“to become one of those self-sufficient, self-actualized eccentrics we all remember from high school, and whose lives we now envy as we follow them on Facebook.”
I’m not a Facebook stalker so can you translate that into a model University that we should be shooting for?
Thank you for cogently stating what some of us have been wondering for years. As you say, AAU membership may be nice, but as someone who attended two AAU schools, I have to say that I never heard of it until I got here (and then I thought it must be the athletic conference).
A colleague who has been here for over 30 years once observed that the UO has always been broke, and has always been unjustifiably good. The reason for it has been that despite endless strings of financial crises, the faculty have always cared, always stepped up and done what was needed for the good of the school and the students. He worried that circumstance was changing, as administrators with values and goals formed outside the UO tried to swing the UO more into the mainstream, trying to ape the culture of higher-ranked schools, without having the resources to support that culture. We end up with a school that has lost what makes it unique, while becoming a poor imitation of the cool kids. There seems to be an idea that we can achieve this by fiat – you don’t get any more resources, just achieve more. Someone referred to this as raising the bar for lower rewards.
We’re seeing a homogenization of schools. The professional accreditation process for our department, which should set minimum standards for all programs, is becoming increasingly prescriptive, and it seems that the schools that do best under such regimes are the ones that just follow the latest rules, not the ones that have a vision for who they are. I agree with you that in general the UO is well-placed to become what we think we should be, if we only have the courage to set our own course.
There is something unseemly in this constantly comparing ourselves to schools of perceived higher quality, and it doesn’t reflect well on our self-regard. As one of my friends remarked about his college application process, when he interviewed at Yale, they kept trying to compare themselves favorably to Harvard. When he interviewed at Harvard, they didn’t mention Yale.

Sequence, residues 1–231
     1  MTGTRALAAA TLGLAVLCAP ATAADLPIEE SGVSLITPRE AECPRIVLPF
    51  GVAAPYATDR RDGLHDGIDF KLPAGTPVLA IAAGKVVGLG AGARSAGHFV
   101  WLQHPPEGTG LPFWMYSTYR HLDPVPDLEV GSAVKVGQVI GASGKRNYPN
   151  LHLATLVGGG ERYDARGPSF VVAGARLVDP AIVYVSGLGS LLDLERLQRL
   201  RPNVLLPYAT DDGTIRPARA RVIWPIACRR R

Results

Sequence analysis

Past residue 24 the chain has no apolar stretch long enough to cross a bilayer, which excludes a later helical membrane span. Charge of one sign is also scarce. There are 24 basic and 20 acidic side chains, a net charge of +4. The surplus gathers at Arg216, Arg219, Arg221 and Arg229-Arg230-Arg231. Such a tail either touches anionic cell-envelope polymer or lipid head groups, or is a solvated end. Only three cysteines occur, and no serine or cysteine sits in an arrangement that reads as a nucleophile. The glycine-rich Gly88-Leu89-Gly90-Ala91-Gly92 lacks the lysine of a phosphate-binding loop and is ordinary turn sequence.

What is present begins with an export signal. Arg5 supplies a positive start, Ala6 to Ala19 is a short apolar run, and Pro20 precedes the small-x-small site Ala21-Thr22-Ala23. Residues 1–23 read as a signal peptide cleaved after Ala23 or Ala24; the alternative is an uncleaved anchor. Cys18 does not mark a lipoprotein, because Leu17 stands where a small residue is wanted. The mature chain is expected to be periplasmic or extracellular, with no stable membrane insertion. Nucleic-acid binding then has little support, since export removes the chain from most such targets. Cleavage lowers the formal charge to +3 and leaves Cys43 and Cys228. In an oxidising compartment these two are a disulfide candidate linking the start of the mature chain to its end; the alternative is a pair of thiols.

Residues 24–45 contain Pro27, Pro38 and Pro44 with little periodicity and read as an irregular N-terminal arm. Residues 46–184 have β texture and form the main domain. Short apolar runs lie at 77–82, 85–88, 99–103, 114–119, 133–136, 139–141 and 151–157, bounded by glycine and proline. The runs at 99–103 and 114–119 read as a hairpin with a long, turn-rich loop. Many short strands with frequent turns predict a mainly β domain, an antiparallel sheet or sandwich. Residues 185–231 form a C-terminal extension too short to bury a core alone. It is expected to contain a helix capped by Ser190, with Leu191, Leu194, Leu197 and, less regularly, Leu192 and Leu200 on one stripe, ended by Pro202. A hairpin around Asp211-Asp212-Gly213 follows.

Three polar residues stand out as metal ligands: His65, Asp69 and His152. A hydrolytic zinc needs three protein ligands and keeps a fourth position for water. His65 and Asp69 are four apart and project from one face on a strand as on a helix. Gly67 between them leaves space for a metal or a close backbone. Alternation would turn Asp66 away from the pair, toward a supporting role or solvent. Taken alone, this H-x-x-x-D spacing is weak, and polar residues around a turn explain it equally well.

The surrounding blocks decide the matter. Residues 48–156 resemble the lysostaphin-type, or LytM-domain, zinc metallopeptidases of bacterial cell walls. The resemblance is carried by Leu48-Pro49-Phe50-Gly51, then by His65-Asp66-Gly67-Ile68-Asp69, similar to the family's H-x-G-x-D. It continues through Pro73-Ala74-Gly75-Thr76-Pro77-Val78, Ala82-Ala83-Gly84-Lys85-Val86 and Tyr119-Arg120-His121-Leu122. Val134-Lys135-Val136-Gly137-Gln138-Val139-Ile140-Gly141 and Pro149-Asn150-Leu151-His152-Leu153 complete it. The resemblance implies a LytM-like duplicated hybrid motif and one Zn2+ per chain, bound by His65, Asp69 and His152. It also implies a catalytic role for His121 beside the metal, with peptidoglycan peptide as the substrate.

A lot of this is pretty vague stuff, but the conclusion is… drop out of the AAU and form a faculty union. Sounds like quite the remedy to our woes…
And… so we shouldn’t try to be like the cool kids, but we shouldn’t compare ourselves to other universities because Harvard and Yale don’t. I can only imagine what the union meetings are going to look like – should be fun stuff.
I’m not sure anyone whose final rebuttal is “should be fun stuff” should be referring to anyone else as vague.
And looking over the comments above, I don’t see us calling for dropping out of the AAU, nor stating that Yale doesn’t compare itself to others. I suggest you substitute rational argument for snark.
Probably there’s some Zen koan advising that the best way to stay in the AAU is to quit trying to stay in the AAU. But look: this is not a choice between “marginal AAU institution” and “unionized state school.” The basic ingredients are already there for a third alternative. First, independence from OUS; they’re holding us back. Second, a clear mission: “a comprehensive research university on a human scale,” to crib some official propaganda that actually makes some sense. Third, a concrete plan to enact that mission. We’ve got an Academic Plan with some clear goals. Also, call me crazy, but I thought the Big Ideas did a nice job of identifying some of our distinctive strengths; fund those better, and fund more of them. Finally, the Senate did a nice visioning retreat before the presidential crisis; I thought it was going to be corny and stupid but it actually generated some good, practical ideas; let’s dust those off and continue the discussion.